I set a jar of cold water and six tea bags on a tree stump in the back yard. I don’t know if sun tea is better than the boiled kind. It’s simply a symbol of a good Southern country good times.
We used to have a hand-crank ice cream freezer. The kids sat on it while the adults turned the crank. I didn’t do much of either. I mostly got in the way because I was too skinny my weight was worthless to keep the thing still. And I certainly couldn’t turn the crank. Nevertheless, this was good ice cream, making good memories.
My daughter, Jenny, used to fish for crawdads at the ditch by our mountain church in New Mexico. I hope she got as much out church as she did out of fishing with her friends.
My sister who is nine years my senior remembers going to youth camp when they had to pay $7.50 and a pound of bacon. She also remembers driving the tractor when she and the cousins weren’t old enough. But she wasn’t four like Cousin Jimmy and I were. We scared the aunts and uncles–did we get attention!
In the 1920s, my mother’s family had an old car. It didn’t run. What she used it for, it didn’t need to run. She quickly got her chores done, took an old hymnal out to that car. She’d sit in the back seat and let the sun beam on her. She’d sing to the top of her lungs, “Let the Lower Lights Be Burning,” “Brighten the Corner Where You Are,”Standing on the Promises” and whatever else was in the hymnal that she knew–and maybe some she didn’t.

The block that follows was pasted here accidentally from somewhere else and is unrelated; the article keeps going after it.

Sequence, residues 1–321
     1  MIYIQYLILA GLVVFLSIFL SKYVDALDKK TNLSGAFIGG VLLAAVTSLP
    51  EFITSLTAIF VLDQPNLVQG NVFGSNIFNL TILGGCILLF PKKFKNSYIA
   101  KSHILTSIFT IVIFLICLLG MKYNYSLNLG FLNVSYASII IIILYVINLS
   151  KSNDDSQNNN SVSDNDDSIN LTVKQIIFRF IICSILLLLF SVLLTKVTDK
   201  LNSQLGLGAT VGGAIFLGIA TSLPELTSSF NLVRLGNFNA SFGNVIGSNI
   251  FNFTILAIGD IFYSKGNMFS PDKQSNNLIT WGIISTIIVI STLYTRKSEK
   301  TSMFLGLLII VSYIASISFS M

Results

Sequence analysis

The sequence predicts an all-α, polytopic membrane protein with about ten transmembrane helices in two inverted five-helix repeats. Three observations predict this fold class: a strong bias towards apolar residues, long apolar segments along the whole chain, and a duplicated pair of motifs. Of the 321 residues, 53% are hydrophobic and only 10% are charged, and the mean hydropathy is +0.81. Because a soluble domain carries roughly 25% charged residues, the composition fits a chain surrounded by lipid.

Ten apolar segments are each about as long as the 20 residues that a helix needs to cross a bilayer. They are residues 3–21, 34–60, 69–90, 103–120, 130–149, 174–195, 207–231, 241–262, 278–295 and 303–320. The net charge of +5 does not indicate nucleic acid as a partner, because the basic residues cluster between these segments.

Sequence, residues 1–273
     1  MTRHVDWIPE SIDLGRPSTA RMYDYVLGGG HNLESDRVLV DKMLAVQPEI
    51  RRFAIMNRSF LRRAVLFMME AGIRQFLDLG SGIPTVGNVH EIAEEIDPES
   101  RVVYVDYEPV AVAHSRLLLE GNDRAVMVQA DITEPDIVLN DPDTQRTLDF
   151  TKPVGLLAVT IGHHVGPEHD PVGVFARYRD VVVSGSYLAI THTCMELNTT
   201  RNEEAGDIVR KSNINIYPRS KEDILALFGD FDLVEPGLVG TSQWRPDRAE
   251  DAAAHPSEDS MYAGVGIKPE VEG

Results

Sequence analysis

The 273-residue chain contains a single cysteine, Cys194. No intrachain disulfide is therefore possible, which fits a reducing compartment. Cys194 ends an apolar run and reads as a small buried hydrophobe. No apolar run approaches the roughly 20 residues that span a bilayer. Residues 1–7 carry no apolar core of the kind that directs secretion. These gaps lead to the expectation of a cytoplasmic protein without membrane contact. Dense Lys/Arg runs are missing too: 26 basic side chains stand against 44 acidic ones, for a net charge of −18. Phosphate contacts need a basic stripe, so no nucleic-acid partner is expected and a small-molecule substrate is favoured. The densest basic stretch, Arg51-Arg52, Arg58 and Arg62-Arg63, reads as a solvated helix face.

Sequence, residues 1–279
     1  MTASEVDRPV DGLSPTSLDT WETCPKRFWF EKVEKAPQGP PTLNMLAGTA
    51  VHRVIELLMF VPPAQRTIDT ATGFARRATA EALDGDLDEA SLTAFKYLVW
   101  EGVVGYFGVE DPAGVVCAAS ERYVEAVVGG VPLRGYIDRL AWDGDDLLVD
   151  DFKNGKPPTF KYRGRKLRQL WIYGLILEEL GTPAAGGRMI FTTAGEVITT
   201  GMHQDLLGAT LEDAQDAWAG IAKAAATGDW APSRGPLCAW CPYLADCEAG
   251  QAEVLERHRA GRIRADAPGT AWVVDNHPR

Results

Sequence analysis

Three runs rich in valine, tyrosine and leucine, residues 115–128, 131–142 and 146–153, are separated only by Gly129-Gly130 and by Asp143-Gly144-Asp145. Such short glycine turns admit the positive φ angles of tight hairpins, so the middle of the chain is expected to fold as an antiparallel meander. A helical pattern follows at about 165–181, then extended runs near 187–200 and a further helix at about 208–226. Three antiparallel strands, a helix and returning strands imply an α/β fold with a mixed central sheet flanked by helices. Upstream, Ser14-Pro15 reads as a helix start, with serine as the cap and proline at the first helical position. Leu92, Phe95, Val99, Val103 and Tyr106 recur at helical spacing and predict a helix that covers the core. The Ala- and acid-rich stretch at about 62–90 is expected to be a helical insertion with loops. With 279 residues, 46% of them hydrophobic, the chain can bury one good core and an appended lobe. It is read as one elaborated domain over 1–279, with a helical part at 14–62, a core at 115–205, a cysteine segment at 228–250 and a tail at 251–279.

A couple more from my mother. She and her brother smeared axle grease all over each other. She says she doesn’t know why her mother didn’t beat the tar out of her. One Halloween she and friends stole a chicken, roasted and ate it. She said it was sure tough! Mother! I’m ashamed of you!
David and his life-long best friend, Gary, once camped in the back yard. They cut weeds (the weeds we had in the 1950s) about 1-1/2 inches, punched holes through them with a nail, burned one end with the outdoor barbecue and blew smoke. They did not inhale!
My friend Denise tells a couple of good Southern California memories. They had an apricot tree in their yard. In the summer, she hid in it. This is where she did all her thinking and planning. Nobody knew where to find her. In the fall, she and her brother raked the leaves from the tree, then jumped in. She also remembers in the summer some kind of fruit dripping down her dirty arm.
Here is one from this sophisticated friend I can barely believe. She said she and her brother would be walking home and it would be hot and they’d be thirsty. They’d pass a yard with sprinklers not turned on. He taught her to put her mouth on the sprinkler head and suck on it and water would come out. Yuck, Denise!
We all remember Hide-and-Seek, Mother May I? and Red Light-Green Light.
Jodie, my sister, says she is now sitting on their deck in Ohio watching the lightning bugs. I’m about to go swimming with my husband, but not in the ditch. Does that count?
Come on, turn off that computer and get to living this summer.
Be sure to take a copy of Ebenezer and Ninety-Eight Friends up to the apricot tree with a cool glass of sun tea.